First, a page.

Living in Torino
Torino, the first capital of united Italy, is an ancient city. Each moment in history has left its mark on her, generating a legacy of culture, architecture and monuments.
The Torino 2006 Olympic Winter Games showed the world a surprising city, still attached to its industrial path (FIAT is based here) while transforming into a hub of innovation, culture and high quality of life.
Torino is a leading centre for higher education and research, housing some of the major academic and research institutions in Italy. The city was also chosen by United Nations for its Staff College (UNSSC) and as a site for the International Labour Organization Training Centre (ITC-ILO). The Italian Army central Command for training and education is located here too.
Torino is also an easy city to visit and love, thanks to its rational design. It is impossible to get lost and every season brings its unique atmospheres, best appreciated walking along the streets, into the many museums and parks, and sampling the myriad cafés and restaurants.
Enjoying good food and drink is a cultural must in Torino. The informal trattoria, the refinded top-end restaurants and the exotic ethnic eateries make the city one of the undisputed world capitals of taste. As capital of the Piemonte (Piedmont) region, Torino has no shortage of world-famous wines, whether one is looking for whites (Gavi, Arneis, Moscato), superb reds (Dolcetto, Grignolino, Barbera, Nebbiolo, Barbaresco and Barolo), or even sparkling wines, which, through Martini & Rossi, gave rise to the tradition of Asti Spumante.
When daylight begins to fade the city changes face: at aperitif time, the streets are lit up and buzzing with people in the wine bars, restaurants and clubs, which cater for all preferences, from live jazz to exclusive dj sets.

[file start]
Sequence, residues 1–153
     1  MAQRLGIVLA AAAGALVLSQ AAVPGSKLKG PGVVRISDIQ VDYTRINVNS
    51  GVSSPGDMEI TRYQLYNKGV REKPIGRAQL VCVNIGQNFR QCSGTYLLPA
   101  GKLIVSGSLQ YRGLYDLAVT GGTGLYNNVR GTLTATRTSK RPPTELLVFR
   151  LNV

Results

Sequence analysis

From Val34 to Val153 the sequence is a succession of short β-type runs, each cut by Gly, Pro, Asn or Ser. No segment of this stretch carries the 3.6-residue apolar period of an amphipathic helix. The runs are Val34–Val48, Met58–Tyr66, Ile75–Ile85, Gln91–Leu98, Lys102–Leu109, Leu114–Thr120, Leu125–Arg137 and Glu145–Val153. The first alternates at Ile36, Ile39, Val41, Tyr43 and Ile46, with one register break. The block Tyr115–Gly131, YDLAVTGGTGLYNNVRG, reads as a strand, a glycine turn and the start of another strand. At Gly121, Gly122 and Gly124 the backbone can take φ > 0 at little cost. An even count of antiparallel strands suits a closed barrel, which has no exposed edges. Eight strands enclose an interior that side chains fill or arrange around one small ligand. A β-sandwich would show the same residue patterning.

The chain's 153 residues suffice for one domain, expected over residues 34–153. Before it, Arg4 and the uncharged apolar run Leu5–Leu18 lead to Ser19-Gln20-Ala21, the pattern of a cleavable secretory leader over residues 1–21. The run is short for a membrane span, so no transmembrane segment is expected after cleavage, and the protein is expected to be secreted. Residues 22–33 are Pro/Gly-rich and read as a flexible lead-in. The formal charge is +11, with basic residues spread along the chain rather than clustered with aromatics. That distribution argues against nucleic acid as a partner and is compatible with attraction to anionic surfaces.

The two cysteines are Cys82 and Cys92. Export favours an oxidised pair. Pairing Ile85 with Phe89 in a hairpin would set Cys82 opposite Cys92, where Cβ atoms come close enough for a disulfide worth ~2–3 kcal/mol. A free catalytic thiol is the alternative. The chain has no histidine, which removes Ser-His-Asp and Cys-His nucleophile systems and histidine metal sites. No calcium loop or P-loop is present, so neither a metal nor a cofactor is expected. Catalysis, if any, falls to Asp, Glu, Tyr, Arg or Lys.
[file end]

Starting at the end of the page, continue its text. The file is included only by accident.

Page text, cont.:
To those with more refined tastes Torino offers top-of-the-range classical music, theatre and opera, but also shows, cabaret, literary cafes, street festivals and crazy notti bianche, all night non-stop events that animate the city streets until dawn. With more than 30 cinemas and hi-tech multiplexes in and around the city, there’s no shortage of venues to sit and enjoy a movie (after all, cinema was born in this very town).
Finding an accommodation in Torino
As explained in the “Fees and Scholarships” section of this website, Engaging Conflict will provide accommodation for the applicants who obtain an ONCAMPUS or a FREETORINO scholarship.
All other participants will have to organize their stay in Torino independently. The Summer School office will do its best to advise any successful applicant as he/she finds adequate accommodation in town.
The following links may be a useful first port-of-call.
International exchange students and guests of the University of Torino can rent a room at university residences managed by EDISU Piemonte, the Regional Agency for the Right to Education of Piedmont. Rooms at EDISU must be booked through the EDISU online procedure.
The University of Torino has joined the international network HousingAnywhere: a student-to-student housing platform for exchange students.
Collegio Universitario Einaudi
The Collegio Einaudi is a private institution connected to the University of Turin.
The following websites contain a list of all hotels, hostels or short-time flat rental in Torino:
As for meals, successful applicants will be given a fact-file during induction with a list of venues for all budgets, together with other useful tips.
For local transport information, best to log on to the GTT transport group at http://www.gtt.to.it/cms/en/. Please note that the Summer School venues will most likely be within walking distance of your accommodation if you stay in the city centre.
Here’s selection of useful websites for getting to know Torino and its Region.
Arriving in town
By plane (Milan)
By plane (Torino)
By train (Trenitalia)
By train (ItaloTreno)
By car (Motorway)
Getting to know Torino and its region, Piemonte
Tourism in Torino and its province